TED Baby: A Guide for a Worried TED Mama

TED Mama holds TED Baby

Last Updated on March 17, 2022 by Ray

Life with a newborn is hard work. Between breastfeeding, mom-guilt, looming postpartum depression, and a dozen other things that come with a tiny human dependent on its care, it’s all hard enough!

To make it worse, some babies have food intolerance issues that make it even harder. Fussy babies that can’t or won’t fall asleep, frequent spit-up, a plethora of skin conditions seem to be a hallmark of infancy. So how can you tell if you have a typical infant or if something more is going on?

Generally speaking, babies should adapt to new foods and new environmental conditions within 3 – 6 weeks. If your baby continues to have sleepless nights and long crying spells that don’t improve, it is worth a conversation with the pediatrician about the potential for what is referred to as a “TED” baby.

If you and your doctor suspect a food intolerance, one of the diagnostic tools that can help identify the problem is a total elimination diet (TED). It sounds scary, but a TED diet is just a process of selective feeding, trading out one food for another while trying to find the problem.

Related: TED Mama

What is a Total Elimination Diet (TED)

A total elimination diet (TED) is an approach to identify problem foods that are causing digestive or allergic symptoms in a baby or an individual. This diet focuses on stripping food intake down to between five and eight foods and eliminating all high-risk food groups.

Additional food groups are systematically reintroduced over a period to identify which foods cause illness. Food intolerances are a little bit of a mixed bag because the symptoms and causes vary widely between individuals. Some babies have digestive issues like colic, others have inflammatory issues like eczema, and some have allergic responses like hives and anaphylaxis.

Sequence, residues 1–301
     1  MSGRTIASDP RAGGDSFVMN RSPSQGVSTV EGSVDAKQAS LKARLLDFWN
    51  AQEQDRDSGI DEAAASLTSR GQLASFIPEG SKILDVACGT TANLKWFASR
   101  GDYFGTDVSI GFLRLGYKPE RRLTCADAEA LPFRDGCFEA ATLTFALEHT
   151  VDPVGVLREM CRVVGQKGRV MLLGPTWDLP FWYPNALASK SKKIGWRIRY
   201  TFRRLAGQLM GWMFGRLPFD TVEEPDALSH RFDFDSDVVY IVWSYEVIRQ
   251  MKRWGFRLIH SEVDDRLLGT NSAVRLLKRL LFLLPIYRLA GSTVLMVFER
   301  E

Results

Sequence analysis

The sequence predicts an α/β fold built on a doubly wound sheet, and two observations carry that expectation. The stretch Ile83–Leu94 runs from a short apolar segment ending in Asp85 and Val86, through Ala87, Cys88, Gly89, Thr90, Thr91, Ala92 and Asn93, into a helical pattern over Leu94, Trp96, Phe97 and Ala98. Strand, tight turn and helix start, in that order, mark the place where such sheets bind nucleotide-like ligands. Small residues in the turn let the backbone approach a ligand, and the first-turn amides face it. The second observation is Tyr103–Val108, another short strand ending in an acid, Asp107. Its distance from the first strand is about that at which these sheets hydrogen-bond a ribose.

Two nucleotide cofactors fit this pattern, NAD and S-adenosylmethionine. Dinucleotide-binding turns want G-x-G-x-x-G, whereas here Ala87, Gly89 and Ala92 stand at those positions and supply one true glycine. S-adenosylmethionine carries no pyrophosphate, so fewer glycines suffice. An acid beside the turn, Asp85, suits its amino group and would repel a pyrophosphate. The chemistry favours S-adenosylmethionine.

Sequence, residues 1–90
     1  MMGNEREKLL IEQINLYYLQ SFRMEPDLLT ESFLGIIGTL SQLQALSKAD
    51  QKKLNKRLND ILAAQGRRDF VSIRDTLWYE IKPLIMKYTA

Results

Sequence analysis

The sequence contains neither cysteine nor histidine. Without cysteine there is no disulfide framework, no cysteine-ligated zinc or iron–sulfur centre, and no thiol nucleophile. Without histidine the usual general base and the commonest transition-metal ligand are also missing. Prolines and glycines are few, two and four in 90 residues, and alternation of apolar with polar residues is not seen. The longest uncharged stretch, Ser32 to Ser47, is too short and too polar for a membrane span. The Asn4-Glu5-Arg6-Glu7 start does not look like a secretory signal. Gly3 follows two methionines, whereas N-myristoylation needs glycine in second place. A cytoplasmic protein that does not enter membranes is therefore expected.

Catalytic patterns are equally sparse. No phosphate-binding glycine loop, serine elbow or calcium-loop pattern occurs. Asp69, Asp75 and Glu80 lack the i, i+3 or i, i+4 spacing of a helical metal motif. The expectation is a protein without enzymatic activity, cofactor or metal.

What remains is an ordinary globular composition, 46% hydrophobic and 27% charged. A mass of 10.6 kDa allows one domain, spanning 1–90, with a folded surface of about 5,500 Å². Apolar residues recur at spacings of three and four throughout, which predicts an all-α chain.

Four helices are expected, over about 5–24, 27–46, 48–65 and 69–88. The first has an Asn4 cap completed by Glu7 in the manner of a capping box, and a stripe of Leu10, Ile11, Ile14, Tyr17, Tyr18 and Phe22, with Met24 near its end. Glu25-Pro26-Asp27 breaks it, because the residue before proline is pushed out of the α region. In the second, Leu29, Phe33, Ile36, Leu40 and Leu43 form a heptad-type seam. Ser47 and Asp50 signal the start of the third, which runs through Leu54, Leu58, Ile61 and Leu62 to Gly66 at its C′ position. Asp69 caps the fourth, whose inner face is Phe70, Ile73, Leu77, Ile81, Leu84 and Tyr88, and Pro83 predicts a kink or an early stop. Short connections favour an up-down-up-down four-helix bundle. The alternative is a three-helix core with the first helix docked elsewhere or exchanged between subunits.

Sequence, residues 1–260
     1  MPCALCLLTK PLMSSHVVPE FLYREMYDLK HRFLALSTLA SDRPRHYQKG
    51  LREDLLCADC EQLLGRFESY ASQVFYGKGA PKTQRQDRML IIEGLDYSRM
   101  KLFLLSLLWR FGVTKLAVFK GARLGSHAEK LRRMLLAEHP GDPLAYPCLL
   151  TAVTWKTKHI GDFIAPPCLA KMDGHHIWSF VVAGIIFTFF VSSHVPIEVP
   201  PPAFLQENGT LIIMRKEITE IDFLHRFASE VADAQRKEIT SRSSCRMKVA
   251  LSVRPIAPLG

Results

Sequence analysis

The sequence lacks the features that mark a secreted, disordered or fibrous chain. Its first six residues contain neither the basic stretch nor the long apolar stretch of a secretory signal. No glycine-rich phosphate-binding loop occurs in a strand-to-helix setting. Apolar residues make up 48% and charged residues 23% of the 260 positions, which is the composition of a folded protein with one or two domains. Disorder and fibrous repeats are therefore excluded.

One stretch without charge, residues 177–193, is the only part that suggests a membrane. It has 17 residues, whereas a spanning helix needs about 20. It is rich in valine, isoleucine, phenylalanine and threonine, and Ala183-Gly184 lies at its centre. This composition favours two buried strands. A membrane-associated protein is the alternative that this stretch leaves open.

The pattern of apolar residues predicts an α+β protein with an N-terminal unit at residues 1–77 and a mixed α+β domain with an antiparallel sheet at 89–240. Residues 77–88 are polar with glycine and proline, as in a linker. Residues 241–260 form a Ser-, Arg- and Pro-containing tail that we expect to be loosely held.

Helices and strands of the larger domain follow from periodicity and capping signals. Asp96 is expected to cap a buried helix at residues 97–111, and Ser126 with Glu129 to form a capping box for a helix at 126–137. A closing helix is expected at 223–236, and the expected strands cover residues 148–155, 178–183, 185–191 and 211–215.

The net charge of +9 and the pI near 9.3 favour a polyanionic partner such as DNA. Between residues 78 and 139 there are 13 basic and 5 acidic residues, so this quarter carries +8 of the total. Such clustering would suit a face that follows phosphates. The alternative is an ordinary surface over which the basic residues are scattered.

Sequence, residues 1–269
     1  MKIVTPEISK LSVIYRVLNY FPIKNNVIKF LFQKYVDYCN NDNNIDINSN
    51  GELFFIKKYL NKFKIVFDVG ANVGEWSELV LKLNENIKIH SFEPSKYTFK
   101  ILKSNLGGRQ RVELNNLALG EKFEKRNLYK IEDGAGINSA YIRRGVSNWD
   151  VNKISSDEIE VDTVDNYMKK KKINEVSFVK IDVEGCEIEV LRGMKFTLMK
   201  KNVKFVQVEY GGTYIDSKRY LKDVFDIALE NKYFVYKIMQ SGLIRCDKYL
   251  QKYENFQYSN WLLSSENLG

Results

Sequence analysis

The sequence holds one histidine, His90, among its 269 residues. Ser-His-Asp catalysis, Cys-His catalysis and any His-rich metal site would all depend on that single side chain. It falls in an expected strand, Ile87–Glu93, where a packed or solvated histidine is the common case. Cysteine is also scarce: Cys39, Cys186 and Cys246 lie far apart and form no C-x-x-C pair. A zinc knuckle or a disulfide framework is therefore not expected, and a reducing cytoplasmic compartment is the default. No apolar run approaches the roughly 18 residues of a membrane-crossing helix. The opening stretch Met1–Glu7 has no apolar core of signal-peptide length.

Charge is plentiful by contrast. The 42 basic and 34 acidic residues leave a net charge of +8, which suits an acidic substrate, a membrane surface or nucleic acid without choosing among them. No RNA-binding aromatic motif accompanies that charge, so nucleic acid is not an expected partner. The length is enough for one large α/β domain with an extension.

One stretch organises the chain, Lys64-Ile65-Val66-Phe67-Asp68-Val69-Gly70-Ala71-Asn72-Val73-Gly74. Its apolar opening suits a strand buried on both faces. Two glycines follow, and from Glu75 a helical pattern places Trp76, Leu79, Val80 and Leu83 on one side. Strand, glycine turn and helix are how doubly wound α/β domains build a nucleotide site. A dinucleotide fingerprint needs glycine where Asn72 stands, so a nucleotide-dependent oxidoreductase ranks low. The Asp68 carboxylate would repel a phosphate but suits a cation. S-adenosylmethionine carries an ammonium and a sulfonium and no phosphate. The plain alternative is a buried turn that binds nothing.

Why a New TED Mama Has to Diet

Once upon a time, many babies were labeled colicky as if it was something that happened for unexplained reasons. As we have learned more about gut health and digestion, we have also learned that those colicky babies are suffering gastrointestinal distress. Our modern diet introduces many more opportunities for digestive issues like high-lactose cow’s milk and hard-to-digest eggs.

Some mamas urgently need to identify food intolerance issues because their babies suffer severe and potentially life-threatening symptoms. However, for many more, the symptoms of food tolerance are less severe but persistent sources of discomfort. Identifying and eliminating those foods is important to the health of their child.

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Common Food Intolerances (and symptoms)

Certain food groups tend to cause most of the allergic and digestive issues. For most new TED mamas, focusing on eliminating these food groups and reintroducing them one at a time will help pinpoint the cause of a specific food trigger. 

Common food intolerance groups include:

  • Dairy
  • Eggs
  • Gluten
  • Soya
  • Peanuts
  • Tree Nuts
  • Fish
  • Crustaceans
Newborn Baby

What Does Food Intolerance Look Like?

Food intolerance can cause a wide variety of symptoms in an individual patient. Inflammation, indigestion, and anaphylaxis are the most common. Chronic inflammation in babies most looks like indigestion, frequent spit-ups, and endless crying. 

Inflammation of gut tissues is the root cause of this distress. Infants have more digestive issues than older children because their digestive system is still forming, and they are rapidly being introduced to new foods all of the time. 

However, if inflammatory symptoms persist for more than 4-6 weeks without introducing any new foods, intolerance may be forming. In more severe cases, inflammation might also look like physical swelling (especially in the joints), chronic fatigue, fevers, and rashes.